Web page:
You can’t see them, but they’re here.
They are on you. In you. And you’ve got more than a hundred thousand billion of them.
They’re with you when you eat, when you breathe, when you kiss.
They are everywhere. On your hands. And in your belly.
And they meddle in everything.
They shape your world:
what you smell, and what you taste;
whether you get sick, or get better.
They can save us, or destroy us.
Microbes: the smallest and most powerful organisms on our planet.
We know very little about them.
but can learn so much from them.
About our health, alternative energy sources, and much more.
When you look from really close,
a new world is revealed to you.
More beautiful and spectacular than you could ever have imagined.
Welcome to Micropia.
The only museum of microbes, in the centre of Amsterdam.
Micropia shows the invisible. It is the first museum in the world dedicated to microbes. It is impossible to fully understand the interconnectivity of the natural world without knowledge of the most powerful, most successful and, at the same time, smallest organisms: microbes. They are everywhere, and they shape our world. Every human being carries about one and a half kilos of microbes; without these we wouldn’t be able to survive. Fifty percent of the oxygen we breathe in is produced by microbes in the sea. And microbiology can help solve global problems concerning energy, water, food and health. There is no end to its uses. However, there is a serious knowledge gap between the science and the general public. If there is any generally held view about the invisible micro-world at all, it is a negative one. Unknown is unloved. This is dangerous, because the lack of understanding and the preconceptions about microbes lessen support among the public for the scientific work being done and this has a negative effect on innovation. ARTIS Amsterdam Royal Zoo has 179 years of experience in interpreting complex science for the general public. Micropia puts this expertise to the service of this microscopic world waiting to be discovered. The museum opens up micro-nature which promises to give us so much in the future. The museum opened in September 2014.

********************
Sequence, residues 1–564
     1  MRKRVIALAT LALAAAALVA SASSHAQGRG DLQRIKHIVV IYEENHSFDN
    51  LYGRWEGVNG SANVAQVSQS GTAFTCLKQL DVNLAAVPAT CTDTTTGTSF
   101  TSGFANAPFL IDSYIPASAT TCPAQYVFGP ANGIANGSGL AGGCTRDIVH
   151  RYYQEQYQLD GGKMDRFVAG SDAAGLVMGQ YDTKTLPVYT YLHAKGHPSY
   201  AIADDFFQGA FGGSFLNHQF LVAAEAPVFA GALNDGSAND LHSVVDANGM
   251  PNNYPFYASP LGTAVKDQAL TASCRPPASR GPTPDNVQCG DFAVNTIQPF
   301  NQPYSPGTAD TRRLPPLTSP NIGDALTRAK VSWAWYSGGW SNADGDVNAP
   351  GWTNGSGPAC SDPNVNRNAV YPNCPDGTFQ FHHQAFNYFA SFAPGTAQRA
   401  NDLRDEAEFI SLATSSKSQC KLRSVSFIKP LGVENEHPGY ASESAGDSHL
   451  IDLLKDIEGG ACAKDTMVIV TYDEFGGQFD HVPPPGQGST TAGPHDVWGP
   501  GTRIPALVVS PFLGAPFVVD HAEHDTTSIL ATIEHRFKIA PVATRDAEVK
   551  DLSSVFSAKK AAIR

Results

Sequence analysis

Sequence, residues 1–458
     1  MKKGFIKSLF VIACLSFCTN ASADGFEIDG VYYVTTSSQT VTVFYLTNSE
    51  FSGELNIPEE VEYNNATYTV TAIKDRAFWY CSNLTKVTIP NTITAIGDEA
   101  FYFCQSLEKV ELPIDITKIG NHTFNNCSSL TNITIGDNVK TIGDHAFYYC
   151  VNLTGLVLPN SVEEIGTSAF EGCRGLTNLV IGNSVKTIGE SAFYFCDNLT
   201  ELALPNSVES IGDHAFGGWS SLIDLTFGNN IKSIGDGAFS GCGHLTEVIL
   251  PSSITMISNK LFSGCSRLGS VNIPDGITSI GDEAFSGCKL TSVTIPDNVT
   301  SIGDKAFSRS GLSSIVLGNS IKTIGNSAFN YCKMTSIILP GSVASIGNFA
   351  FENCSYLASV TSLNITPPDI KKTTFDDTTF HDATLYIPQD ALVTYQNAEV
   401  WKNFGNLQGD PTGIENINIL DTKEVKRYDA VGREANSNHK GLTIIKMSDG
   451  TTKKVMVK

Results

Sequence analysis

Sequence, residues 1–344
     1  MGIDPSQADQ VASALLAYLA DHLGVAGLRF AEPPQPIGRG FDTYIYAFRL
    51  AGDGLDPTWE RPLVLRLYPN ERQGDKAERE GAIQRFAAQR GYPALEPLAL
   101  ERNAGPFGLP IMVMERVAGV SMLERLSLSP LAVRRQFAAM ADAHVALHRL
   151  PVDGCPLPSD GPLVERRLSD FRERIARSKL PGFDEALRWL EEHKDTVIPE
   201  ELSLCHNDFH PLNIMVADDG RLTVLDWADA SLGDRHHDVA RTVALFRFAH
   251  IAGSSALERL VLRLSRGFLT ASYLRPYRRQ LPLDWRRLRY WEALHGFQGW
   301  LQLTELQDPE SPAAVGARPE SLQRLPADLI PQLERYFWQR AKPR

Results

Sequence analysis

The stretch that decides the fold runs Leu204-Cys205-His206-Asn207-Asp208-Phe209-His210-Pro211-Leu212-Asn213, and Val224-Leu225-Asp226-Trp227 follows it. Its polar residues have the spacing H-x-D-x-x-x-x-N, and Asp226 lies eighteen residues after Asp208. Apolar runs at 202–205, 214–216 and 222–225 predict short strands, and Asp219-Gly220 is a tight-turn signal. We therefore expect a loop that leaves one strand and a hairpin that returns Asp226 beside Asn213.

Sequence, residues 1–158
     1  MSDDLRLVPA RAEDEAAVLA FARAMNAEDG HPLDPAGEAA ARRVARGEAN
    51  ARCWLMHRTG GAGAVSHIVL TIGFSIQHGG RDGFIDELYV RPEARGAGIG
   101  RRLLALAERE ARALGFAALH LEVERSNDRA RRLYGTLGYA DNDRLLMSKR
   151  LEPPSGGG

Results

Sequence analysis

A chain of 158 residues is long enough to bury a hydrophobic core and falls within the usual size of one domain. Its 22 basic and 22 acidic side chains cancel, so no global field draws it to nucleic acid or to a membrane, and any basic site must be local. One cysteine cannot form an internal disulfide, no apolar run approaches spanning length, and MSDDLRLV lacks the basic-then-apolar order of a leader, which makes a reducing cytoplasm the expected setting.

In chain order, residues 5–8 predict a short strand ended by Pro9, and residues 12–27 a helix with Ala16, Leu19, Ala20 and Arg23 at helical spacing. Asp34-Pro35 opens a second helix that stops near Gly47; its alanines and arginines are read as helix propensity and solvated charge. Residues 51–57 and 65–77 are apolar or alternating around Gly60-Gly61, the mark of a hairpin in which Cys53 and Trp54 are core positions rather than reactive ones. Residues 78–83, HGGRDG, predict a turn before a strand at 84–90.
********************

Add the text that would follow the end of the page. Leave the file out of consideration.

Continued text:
Micropia is located in the historical Ledenlokalen from 1870, an A-grade listed building. The new design of de Ledenlokalen has the same grid and structure as the original building and the space feels the same as in the 19th century. The new architecture remains restrained, allowing the historical sections to be properly appreciated. Restoration plans had to deal with the effects of the attack of 27 March 1943, when the wartime resistance bombed the Municipal Register which was housed in de Ledenlokalen during the Nazi occupation. Architect Richard Sprenger saw this as an opportunity rather than a problem. The hole blasted by the explosion became part of the architectural concept through a black box on top of the building.